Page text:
UK-based volunttary organisation BTWSC brings to Accra, Ghana an adapted version of 'Remembering Samuel Coleridge-Taylor', a presentation it's delivering 2012-13 in British schools, libraries and archives.
A free event, which highlights Coleridge-Taylor's life, music, and legacy as an African British composer and pan-Africanist, takes place at the WEB Du Bois Centre, Accra on Thursday March 29 2012 from 3-5pm.
The programme will consist of power point-assisted presentation by music industry and history consultant Kwaku. Veteran diplomat, politician, columnist and Samuel Coleridge-Taylor fan Mr. KB Asante will introduce the question and answer section.
It's delivered in association with WEB Du Bois Memorial Centre For Pan African Culture (GH), BritishBlackMusic.com/Black Music Congress (UK), and Samuel Coleridge-Taylor 100PM Collective (UK).
At the beginning of the 20th century, he was perhaps the first Diaspora African global musical star.
One of his compositions, 'Hiawatha's Wedding Feast', took Britain and the Western world by storm. It vied in popularity with long-established choral pieces such as 'Messiah' and 'Elijah'.
Although much admired in his native Britain, he was also appreciated internationally, particularly in the US, where there were several choral societies named after him and made three well-received tours, including being the first African to conduct an all-European orchestra, which earned him the 'African Mahler nickname.
A big name in his day, his fame has waned in recent decades, though this is about to change in the centenary year of his death.
This African British musical genius, Samuel Coleridge-Taylor was born in 1875 in London, England to an African father (from Sierra Leone) and an English mother.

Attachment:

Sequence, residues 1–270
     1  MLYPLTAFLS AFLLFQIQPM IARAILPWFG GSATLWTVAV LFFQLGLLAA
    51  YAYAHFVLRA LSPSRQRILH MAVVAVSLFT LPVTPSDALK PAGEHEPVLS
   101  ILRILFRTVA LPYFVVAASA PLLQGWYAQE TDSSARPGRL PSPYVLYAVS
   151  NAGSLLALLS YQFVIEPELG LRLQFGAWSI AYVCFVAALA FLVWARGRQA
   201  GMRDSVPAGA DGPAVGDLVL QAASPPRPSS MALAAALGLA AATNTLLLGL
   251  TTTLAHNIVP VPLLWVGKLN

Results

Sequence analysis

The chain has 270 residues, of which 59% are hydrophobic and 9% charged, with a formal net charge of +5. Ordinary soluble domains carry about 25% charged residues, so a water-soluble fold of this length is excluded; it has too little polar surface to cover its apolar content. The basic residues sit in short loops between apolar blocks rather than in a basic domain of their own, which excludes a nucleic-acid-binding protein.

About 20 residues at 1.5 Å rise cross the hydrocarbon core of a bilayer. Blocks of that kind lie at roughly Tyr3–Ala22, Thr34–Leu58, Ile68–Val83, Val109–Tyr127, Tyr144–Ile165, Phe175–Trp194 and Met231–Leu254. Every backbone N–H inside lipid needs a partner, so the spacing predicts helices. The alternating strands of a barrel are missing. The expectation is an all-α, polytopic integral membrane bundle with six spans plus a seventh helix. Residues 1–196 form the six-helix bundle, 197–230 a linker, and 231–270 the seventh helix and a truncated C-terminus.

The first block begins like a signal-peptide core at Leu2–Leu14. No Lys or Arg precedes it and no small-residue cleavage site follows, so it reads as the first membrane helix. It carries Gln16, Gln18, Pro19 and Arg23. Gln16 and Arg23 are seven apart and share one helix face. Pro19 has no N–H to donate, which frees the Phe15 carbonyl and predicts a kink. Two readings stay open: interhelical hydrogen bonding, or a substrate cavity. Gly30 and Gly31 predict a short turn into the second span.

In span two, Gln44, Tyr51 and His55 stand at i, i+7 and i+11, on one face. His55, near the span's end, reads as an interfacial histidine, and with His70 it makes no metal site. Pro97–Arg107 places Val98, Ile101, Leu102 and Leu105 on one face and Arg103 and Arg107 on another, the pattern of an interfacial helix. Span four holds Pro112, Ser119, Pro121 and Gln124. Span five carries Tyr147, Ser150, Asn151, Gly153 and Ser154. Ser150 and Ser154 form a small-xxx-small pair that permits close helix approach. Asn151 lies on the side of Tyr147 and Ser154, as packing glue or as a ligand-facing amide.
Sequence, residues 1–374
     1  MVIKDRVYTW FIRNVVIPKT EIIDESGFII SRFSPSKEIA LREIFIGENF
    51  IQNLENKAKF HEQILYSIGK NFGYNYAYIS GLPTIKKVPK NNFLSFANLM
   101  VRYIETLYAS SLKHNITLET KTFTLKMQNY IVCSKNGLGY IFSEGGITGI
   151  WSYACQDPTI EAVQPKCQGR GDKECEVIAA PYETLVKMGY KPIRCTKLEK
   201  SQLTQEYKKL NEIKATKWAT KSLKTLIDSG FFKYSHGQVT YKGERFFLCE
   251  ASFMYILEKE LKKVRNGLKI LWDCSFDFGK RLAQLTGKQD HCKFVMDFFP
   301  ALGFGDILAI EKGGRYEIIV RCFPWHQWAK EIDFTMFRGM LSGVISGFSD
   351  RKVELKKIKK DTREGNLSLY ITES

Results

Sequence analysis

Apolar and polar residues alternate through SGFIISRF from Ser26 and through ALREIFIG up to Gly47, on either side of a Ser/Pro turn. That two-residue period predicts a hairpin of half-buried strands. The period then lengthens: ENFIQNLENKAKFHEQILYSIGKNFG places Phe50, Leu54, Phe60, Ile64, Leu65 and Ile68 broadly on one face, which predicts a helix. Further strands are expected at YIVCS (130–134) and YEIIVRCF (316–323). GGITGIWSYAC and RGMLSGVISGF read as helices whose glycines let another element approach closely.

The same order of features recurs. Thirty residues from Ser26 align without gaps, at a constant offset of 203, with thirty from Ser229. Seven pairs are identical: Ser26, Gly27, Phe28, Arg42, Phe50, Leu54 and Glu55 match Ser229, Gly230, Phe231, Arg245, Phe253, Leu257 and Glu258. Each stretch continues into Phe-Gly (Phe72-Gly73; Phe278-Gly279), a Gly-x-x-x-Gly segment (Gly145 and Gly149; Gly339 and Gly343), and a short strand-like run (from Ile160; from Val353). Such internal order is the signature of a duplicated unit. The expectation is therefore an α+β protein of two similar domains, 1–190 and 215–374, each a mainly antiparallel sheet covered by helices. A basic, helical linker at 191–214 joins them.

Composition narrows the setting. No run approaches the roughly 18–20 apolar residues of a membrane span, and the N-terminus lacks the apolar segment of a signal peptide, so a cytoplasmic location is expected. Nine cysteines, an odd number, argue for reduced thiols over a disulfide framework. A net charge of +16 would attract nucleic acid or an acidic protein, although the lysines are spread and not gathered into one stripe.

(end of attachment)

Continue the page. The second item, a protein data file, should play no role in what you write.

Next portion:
His musical talent was discovered long before he entered London's Royal College Of Music in 1890 aged 15, where he twice won the top prize for composition.
His best known composition, 'Hiawatha's Wedding Feast' was a big hit following its premiere in 1898, and was the favourite section of the much larger 'The Songs Of Hiawatha' which he conducted at the Royal Albert Hall in 1900.
At the height of his fame, he did not abandon his African heritage - he was a member of the African Association, which organised the 1900 Pan-African Conference in London.
This was attended by American historian and academic WEB Du Bois, who was to become a lifelong friend of Coleridge-Taylor and his family.
Coleridge-Taylor incorporated various African themes and musical styles into the classical music canon - from the 'Toussaint L'Ouverture' overture, the 'African Romances' compositions, to '24 Negro Melodies', which consisted of new arrangements of music sourced from Africa, the Caribbean, and the US.
In spite of his fame, he had to regularly work, teaching, conducting, and writing, in order to maintain his family.
When he died in 1912, aged just 37, the British public was so shocked to read about the dire state of his estate, a fund-raising concert of his music was performed at the Royal Albert Hall, and King George V granted his widow an annual pension for the joy her husband's work had given to the nation.